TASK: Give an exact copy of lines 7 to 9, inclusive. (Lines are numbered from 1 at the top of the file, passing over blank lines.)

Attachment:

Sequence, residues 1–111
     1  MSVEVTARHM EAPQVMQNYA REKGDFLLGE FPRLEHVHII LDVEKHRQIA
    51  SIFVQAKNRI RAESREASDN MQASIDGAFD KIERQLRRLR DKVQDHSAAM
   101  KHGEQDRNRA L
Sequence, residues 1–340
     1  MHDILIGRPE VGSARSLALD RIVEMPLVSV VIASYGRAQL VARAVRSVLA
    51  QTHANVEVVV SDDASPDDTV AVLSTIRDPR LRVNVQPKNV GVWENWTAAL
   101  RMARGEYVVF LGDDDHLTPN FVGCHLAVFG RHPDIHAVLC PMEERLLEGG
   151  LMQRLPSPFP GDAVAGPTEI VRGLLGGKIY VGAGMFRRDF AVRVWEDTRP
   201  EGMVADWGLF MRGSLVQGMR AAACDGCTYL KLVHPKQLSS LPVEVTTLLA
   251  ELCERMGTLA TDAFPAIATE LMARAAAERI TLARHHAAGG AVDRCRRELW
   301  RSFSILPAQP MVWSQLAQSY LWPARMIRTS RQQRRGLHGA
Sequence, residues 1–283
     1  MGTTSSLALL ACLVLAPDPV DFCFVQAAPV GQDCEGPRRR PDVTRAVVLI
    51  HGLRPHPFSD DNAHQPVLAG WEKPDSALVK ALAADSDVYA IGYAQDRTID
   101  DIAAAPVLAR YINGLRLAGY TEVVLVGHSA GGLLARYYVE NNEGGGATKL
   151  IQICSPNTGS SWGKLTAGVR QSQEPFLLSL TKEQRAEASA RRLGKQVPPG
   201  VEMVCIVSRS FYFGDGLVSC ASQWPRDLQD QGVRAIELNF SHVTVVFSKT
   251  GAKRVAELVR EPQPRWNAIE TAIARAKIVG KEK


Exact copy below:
    51  QTHANVEVVV SDDASPDDTV AVLSTIRDPR LRVNVQPKNV GVWENWTAAL
   101  RMARGEYVVF LGDDDHLTPN FVGCHLAVFG RHPDIHAVLC PMEERLLEGG
   151  LMQRLPSPFP GDAVAGPTEI VRGLLGGKIY VGAGMFRRDF AVRVWEDTRP